Up to 80 tonnes of plastic could enter the sea every year from everyday cosmetics and cleaning products, according to a new study.

Research has shown almost 100,000 tiny "microbeads" - each a fraction of a millimetre in diameter - could be released in every single application of a cosmetic.

Scientists at Plymouth University said that due to their small size it was expected many would not be intercepted by conventional sewage treatment and were so released into rivers and oceans.

They estimate this could result in up to 80 tonnes of microplastic waste entering the sea every year from use of these cosmetics in the UK alone.

By way of comparison, the annual country-wide weekend beach clean-ups organised by the Marine Conservation Society typically collect around nine tonnes of litter per year.

Microplastics have been used as bulking agents and abrasives to replace natural exfoliating materials in cosmetics.

They are found in a variety of products such as hand cleansers, soaps, toothpaste, shaving foam, bubble bath, sunscreen and shampoo.

The latest study was led by PhD student Imogen Napper, together with Professors Richard Thompson and Steve Rowland, and Dr Adil Bakir.

Miss Napper said: "As the study unfolded I was really shocked to see the quantity of microplastics apparent in these everyday cosmetics.

"Currently, there are reported to be 80 facial scrubs in the UK market which contain plastic material.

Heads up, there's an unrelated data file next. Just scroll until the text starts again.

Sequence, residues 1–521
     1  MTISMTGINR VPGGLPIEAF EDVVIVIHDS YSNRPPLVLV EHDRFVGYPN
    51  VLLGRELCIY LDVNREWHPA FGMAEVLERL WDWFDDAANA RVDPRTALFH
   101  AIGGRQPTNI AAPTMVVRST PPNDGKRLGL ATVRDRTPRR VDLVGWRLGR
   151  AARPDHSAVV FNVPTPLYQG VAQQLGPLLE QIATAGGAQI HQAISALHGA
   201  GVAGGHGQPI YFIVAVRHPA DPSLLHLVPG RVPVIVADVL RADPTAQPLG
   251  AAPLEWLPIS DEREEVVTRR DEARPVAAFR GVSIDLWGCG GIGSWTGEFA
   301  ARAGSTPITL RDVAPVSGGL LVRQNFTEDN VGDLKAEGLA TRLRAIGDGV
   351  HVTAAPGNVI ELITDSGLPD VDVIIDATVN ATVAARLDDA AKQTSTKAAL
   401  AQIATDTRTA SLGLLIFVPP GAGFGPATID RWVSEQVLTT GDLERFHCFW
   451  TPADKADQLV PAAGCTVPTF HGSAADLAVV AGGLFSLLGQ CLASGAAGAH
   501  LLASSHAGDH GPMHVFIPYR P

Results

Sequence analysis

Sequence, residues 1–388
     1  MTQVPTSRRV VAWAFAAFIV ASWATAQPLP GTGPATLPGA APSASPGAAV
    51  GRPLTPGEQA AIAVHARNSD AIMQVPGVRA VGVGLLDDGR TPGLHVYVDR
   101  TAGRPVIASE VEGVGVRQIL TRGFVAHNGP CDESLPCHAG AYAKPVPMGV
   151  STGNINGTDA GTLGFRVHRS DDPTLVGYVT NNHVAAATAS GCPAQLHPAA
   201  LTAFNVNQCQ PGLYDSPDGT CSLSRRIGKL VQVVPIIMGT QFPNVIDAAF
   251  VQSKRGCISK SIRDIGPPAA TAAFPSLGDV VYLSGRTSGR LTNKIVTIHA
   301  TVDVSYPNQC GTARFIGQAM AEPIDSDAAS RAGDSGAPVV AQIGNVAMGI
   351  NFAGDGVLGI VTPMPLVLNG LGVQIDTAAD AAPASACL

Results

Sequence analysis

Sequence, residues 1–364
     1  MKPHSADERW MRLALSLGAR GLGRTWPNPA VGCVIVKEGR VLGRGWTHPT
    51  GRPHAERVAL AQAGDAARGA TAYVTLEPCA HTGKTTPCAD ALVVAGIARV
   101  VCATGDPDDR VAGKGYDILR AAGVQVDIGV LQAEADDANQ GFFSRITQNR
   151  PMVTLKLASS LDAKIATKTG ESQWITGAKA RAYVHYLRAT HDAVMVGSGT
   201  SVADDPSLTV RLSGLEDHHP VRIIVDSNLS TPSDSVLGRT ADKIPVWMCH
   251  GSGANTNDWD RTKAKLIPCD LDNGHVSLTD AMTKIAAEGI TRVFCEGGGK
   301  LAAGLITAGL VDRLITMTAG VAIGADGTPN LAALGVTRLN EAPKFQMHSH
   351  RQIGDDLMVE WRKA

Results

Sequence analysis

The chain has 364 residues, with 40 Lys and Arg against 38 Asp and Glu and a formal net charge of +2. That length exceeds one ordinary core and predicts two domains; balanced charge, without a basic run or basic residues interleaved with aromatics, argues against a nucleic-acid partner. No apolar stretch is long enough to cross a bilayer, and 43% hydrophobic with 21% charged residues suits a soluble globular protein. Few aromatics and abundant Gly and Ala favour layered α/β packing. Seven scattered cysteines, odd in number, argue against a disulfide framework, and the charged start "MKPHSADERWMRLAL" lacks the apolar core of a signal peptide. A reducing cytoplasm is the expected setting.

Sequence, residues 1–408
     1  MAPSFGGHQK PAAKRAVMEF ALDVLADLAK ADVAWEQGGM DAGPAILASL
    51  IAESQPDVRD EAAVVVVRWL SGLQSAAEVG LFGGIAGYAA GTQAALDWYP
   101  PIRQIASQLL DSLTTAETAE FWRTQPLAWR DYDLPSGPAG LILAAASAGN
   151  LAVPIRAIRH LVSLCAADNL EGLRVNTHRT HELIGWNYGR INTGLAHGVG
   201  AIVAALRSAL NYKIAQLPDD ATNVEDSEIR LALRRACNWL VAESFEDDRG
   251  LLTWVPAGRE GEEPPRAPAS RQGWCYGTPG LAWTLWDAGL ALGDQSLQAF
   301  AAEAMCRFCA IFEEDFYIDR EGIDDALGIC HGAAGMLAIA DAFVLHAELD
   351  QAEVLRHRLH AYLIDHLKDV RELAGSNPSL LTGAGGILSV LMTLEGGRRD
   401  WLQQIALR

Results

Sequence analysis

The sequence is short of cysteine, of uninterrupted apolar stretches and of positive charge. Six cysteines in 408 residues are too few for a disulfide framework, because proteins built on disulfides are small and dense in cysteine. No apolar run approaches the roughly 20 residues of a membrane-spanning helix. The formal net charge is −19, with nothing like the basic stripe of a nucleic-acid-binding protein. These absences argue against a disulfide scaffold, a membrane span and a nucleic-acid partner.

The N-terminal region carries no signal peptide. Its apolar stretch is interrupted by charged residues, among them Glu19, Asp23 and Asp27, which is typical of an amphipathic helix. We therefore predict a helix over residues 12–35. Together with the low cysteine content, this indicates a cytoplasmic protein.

"However some companies have indicated they will voluntarily phase them out from their products.

"In the meantime, there is very little the consumer can do to prevent this source of pollution."

For this study, the researchers chose brands of facial scrubs which listed plastics among their ingredients and subjected them to vacuum filtration to obtain the plastic particles.

Subsequent analysis using electron microscopy showed that every 150ml of cosmetic product could contain between 137,000 and 2.8 million microparticles.

Professor Richard Thompson, who has been studying the effects of litter in the marine environment for over 20 years, said: "Using these products leads to unnecessary contamination of the oceans with millions of microplastic particles.

"There is considerable concern about the accumulation of microplastics in the environment.

"Our previous work has shown microplastics can be ingested by fish and shellfish and there is evidence from laboratory studies of adverse effects on marine organisms."

The research paper, Characterisation, Quantity and Sorptive Properties of Microplastics Extracted From Cosmetics, has been published in the journal Marine Pollution Bulletin.